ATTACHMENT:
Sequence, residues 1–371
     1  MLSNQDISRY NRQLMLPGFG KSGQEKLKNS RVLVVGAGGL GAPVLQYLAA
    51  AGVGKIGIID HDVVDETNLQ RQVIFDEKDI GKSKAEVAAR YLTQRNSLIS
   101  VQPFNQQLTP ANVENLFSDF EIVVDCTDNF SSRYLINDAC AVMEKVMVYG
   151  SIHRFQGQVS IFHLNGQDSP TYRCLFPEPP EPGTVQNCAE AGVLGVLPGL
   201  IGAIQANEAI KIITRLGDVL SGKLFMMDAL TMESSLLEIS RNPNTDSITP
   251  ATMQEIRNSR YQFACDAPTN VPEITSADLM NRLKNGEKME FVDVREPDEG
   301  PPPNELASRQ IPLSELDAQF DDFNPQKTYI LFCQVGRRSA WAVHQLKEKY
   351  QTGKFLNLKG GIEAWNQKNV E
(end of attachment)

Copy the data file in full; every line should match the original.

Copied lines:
Sequence, residues 1–371
     1  MLSNQDISRY NRQLMLPGFG KSGQEKLKNS RVLVVGAGGL GAPVLQYLAA
    51  AGVGKIGIID HDVVDETNLQ RQVIFDEKDI GKSKAEVAAR YLTQRNSLIS
   101  VQPFNQQLTP ANVENLFSDF EIVVDCTDNF SSRYLINDAC AVMEKVMVYG
   151  SIHRFQGQVS IFHLNGQDSP TYRCLFPEPP EPGTVQNCAE AGVLGVLPGL
   201  IGAIQANEAI KIITRLGDVL SGKLFMMDAL TMESSLLEIS RNPNTDSITP
   251  ATMQEIRNSR YQFACDAPTN VPEITSADLM NRLKNGEKME FVDVREPDEG
   301  PPPNELASRQ IPLSELDAQF DDFNPQKTYI LFCQVGRRSA WAVHQLKEKY
   351  QTGKFLNLKG GIEAWNQKNV E